Tuesday, January 9, 2018

Yearly - vs - Monthly Budget

Do you need a yearly budget or a monthly budget?  The answer is: 


Have both, use both, and keep both!  

Monthly Budget

A monthly budget gives you great control over regularly occurring expenses.  You are not going to stick $6000 for a year's worth of food in an envelope.  But, on a monthly basis, it is easy to put $500 in an envelope and spend until the envelope is empty.  You can even use paper clips to put $125 in four stacks, put all the bills back in the envelope, and allot one stack per week. Alternatively, you can put $100 in five stacks - $100 for each week's groceries and $100 for stocking up on items which you find at a fantastic price.  Canned no-salt green beans and corn were recently on sale for $.39 a can at HyVee.  I bought 40 cans.  I think we can all agree that this was an unusual purchase. But, we'll be eating from this stash of veggies for several months to come.  This is an example of a purchase which would be made from the "stock up" grocery money stack.  It's also an example of how tracking regularly occurring expenses on a monthly basis, rather than a yearly basis, works very well. 

Yearly Budget 

A yearly budget allows you to look at all aspects of your income and expenses simultaneously.  You can easily view expenses which occur once, twice, or four times a year and plan ahead for them.  My property taxes occur once a year. It appears on my yearly budget sheet at the full amount and on my monthly budget sheet at 1/12th that amount.  Each month I set aside 1/12th of the property tax bill in a special account.  That way, when it is due in May, all the money is already accounted for and ready to write that big check.  It's the same with the life insurance, car insurance, and house insurance bills.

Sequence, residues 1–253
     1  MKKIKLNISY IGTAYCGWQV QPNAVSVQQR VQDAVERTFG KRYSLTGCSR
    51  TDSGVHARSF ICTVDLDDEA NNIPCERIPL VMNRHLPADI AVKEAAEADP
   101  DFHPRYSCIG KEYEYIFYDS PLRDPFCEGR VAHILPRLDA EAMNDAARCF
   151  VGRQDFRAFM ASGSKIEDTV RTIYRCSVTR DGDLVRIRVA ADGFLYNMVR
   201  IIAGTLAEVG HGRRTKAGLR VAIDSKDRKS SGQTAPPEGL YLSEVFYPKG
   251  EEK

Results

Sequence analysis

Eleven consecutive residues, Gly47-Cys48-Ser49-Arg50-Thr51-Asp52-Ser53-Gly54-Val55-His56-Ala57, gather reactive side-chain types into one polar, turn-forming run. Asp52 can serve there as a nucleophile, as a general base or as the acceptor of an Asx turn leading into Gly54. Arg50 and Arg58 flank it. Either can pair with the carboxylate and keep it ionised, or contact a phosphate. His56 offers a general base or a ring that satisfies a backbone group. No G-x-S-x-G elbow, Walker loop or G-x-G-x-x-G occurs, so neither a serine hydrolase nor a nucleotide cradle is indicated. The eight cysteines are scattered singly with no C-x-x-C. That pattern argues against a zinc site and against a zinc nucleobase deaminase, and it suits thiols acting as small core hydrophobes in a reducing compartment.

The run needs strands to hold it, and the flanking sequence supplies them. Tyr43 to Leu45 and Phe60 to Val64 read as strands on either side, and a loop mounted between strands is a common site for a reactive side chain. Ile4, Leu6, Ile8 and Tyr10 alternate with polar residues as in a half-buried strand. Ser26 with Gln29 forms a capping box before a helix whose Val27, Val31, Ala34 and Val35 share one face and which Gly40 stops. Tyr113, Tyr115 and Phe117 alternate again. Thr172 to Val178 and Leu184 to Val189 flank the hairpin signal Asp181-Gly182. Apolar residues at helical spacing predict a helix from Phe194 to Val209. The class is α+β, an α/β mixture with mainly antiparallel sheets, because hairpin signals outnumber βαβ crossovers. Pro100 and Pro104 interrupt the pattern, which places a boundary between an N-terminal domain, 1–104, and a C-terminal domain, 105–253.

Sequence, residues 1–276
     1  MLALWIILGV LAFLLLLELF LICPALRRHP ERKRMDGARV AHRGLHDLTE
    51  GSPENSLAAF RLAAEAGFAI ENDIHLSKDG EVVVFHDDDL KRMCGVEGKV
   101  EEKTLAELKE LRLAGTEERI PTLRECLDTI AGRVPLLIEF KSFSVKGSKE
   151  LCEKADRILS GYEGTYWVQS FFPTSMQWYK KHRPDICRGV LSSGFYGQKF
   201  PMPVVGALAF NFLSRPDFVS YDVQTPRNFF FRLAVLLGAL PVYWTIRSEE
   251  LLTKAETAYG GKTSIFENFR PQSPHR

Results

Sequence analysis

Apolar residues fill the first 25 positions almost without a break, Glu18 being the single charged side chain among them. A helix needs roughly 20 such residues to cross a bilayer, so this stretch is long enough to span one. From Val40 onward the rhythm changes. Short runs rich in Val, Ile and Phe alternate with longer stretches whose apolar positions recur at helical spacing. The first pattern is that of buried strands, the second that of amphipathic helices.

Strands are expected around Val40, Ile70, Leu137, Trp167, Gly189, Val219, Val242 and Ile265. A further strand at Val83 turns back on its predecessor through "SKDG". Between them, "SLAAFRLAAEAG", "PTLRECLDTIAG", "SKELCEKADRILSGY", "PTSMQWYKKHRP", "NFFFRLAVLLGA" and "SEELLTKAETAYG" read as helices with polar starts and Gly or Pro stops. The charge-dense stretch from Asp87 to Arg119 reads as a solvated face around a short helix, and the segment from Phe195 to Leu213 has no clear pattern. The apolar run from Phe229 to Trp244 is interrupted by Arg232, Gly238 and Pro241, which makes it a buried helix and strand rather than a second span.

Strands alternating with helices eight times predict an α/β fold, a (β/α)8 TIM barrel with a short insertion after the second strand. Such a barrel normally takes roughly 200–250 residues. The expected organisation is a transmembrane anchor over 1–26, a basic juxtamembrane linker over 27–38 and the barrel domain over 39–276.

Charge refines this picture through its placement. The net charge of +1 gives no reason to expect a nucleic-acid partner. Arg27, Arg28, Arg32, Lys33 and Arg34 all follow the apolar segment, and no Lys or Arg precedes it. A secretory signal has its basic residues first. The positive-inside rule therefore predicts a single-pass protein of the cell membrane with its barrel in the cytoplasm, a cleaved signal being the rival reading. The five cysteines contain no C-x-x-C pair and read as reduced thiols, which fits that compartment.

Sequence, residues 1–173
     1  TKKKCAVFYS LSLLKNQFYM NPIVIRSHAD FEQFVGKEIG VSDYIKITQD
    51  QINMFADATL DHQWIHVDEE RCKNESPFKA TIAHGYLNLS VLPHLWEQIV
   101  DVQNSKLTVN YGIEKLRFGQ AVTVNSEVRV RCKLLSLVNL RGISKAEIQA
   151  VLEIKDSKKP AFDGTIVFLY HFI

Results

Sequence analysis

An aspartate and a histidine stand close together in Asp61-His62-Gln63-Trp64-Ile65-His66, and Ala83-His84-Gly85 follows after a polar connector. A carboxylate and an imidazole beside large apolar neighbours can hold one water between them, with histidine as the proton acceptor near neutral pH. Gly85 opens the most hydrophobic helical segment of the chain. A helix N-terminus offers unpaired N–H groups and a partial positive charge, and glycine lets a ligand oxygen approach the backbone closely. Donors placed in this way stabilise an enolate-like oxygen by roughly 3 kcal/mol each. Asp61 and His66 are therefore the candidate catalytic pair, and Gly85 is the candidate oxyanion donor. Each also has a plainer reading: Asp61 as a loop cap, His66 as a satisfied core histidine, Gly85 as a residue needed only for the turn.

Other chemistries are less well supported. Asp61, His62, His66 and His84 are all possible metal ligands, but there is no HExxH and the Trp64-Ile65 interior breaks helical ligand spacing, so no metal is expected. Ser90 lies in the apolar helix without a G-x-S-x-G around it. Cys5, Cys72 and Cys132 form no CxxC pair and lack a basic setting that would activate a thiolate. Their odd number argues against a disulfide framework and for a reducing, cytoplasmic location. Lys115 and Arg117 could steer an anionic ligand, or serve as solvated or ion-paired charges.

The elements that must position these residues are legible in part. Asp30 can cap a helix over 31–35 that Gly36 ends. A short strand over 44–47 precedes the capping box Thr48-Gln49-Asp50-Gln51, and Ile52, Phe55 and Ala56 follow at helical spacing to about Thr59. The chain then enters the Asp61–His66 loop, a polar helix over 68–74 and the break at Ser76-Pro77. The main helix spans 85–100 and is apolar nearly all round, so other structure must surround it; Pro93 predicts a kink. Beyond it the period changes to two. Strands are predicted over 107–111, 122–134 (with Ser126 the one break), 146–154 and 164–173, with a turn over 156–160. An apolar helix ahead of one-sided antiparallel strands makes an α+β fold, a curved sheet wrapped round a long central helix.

If you look at only a monthly budget, it's easy to forget periodic expenses and be uncomfortably surprised.  Also, if your income is variable, using a yearly outlook in order to set up your monthly budget categories will insure that you won't be flush with cash one month and then flat broke the next.  You will have looked ahead and saved up money for those leaner months.

Use Both!

You can see from the above scenarios how the two types of budgets work in tandem with one another.  You really need to have and use both budgets for a successful plan.

What I Do:  

I use Everydollar, a free budgeting app from Dave Ramsey for my monthly budgeting.  Periodic expenses: like car, life, and home insurance are broken down into equal monthly increments and listed on the monthly budget.  At the end of every month, I transfer my monthly totals to an excel spreadsheet so that I can track the totals and insure that we are staying on track and within our agreed upon parameters in each category.  It also means that we are ready to pay those annual, bi-annual, or quarterly expenses on time and with no extra frustration or anxiety.   I find the excel spread sheet invaluable in preparing a "quarterly report" for periodic budgeting and goal-setting "dates". Well, actually it's coffee and cookies at home after the kids go to bed.  But, it can still count as a "date", can't it??!! 

So, which type of budget do you use?  And why do you find it most helpful?   

A. monthly
B.  yearly
C.  Both
D.  "What's a budget?"

Answer and leave a comment below and let's discuss the "in's", "out's", "pros", and "cons" of the budgeting process.


No comments:

Post a Comment